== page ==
Sign up ×
Stack Overflow is a community of 4.7 million programmers, just like you, helping each other. Join them; it only takes a minute:

I could only do this with String, for example:

String str="";
for(int i=0;i<100;i++){

Is there a way to achieve this with StringBuilder? Thanks.

share|improve this question

5 Answers 5

up vote 45 down vote accepted
StringBuilder sb = new StringBuilder();
for(int i=0;i<100;i++){
    sb.insert(0, Integer.toString(i));

Warning: It defeats the purpose of StringBuilder, but it does what you asked.

Better technique (although still not ideal):

  1. Reverse each string you want to insert.
  2. Append each string to a StringBuilder.
  3. Reverse the entire StringBuilder when you're done.

This will turn an O(n²) solution into O(n).

share|improve this answer
...since it makes AbstractStringBuilder move all the contents past the index of insertion in order to find room for the inserted ones. However, that's an implementation detail, not one of principle. – entonio May 9 '11 at 0:18
@entonio: Indeed, but it's a very critical detail. :) – Mehrdad May 9 '11 at 0:19
I see,It looks like I shouldn't be using StringBuilder then, Thanks a lot – user685275 May 9 '11 at 0:25
@user685275: Yeah, if you need backwards insertion then you really need something that can insert at the beginning of the string. I think the easiest solution is the technique above (reversing things twice), although you could probably make a better class of your own with char arrays (might want to look into "deque"s). – Mehrdad May 9 '11 at 0:29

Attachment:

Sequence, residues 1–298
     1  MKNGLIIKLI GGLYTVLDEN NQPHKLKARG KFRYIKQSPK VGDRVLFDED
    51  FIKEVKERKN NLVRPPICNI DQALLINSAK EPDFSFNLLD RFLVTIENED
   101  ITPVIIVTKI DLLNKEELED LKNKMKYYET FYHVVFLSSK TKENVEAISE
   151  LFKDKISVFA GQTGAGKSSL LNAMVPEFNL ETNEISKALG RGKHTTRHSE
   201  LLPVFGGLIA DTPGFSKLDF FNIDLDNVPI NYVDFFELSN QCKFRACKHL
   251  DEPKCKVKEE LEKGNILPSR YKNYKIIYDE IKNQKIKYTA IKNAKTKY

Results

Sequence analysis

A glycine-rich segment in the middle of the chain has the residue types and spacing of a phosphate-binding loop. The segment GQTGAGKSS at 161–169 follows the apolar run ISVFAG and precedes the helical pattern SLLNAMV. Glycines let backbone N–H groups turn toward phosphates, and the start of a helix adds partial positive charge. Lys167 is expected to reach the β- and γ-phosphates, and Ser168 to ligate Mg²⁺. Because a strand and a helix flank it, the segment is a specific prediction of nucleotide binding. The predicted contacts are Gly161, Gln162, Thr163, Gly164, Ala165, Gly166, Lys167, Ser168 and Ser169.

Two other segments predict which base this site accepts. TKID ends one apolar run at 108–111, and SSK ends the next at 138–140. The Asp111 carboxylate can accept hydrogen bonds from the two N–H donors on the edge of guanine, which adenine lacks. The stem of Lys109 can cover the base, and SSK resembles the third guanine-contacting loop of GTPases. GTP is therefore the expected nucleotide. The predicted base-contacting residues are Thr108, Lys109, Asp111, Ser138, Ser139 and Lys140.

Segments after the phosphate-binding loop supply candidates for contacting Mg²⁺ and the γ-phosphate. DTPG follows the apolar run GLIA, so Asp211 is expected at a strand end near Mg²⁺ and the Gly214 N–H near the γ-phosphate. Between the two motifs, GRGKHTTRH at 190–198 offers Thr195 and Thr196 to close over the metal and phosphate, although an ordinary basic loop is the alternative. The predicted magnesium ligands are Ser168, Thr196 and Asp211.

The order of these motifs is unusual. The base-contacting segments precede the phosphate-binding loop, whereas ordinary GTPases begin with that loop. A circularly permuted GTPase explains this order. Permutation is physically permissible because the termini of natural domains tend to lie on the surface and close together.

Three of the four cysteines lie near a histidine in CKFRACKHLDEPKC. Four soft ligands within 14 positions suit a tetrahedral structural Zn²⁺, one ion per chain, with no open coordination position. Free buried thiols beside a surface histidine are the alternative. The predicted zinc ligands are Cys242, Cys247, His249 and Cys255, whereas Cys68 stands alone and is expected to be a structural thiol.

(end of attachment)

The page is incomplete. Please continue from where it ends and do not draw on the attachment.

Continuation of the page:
you can use strbuilder.insert(0,i);

share|improve this answer
this is the best answer IMO :-) – Sangram Jun 21 '12 at 14:41

Maybe I'm missing something but you want to wind up with a String that looks like this, "999897969594...543210", correct?

StringBuilder sb = new StringBuilder();
for(int i=99;i>=0;i--){
share|improve this answer
Strange this post did not get much voting while providing the solution by clever manipulation of the loop, – nom-mon-ir Nov 17 '14 at 9:56
@nom-mon-ir he just reversing the String. It doesn't answer how to append on the left. – Raymond Chenon Oct 14 at 19:59
Achieves the desired effect. – Speck Oct 15 at 14:50

This thread is quite old, but you could also think about a recursive solution passing the StringBuilder to fill. This allows to prevent any reverse processing etc. Just need to design your iteration with a recursion and carefully decide for an exit condition.

public class Test {

    public static void main(String[] args) {
        StringBuilder sb = new StringBuilder();
        doRecursive(sb, 100, 0);

    public static void doRecursive(StringBuilder sb, int limit, int index) {
        if (index < limit) {
            doRecursive(sb, limit, index + 1);
share|improve this answer

As an alternative solution you can use a LIFO structure (like a stack) to store all the strings and when you are done just take them all out and put them into the StringBuilder. It naturally reverses the order of the items (strings) placed in it.

Stack<String> textStack = new Stack<String>();
// push the strings to the stack
while(!isReadingTextDone()) {
    String text = readText();
// pop the strings and add to the text builder
String builder = new StringBuilder(); 
while (!textStack.empty()) {
// get the final string
String finalText =  builder.toString();
share|improve this answer

Your Answer


By posting your answer, you agree to the privacy policy and terms of service.

Not the answer you're looking for? Browse other questions tagged or ask your own question.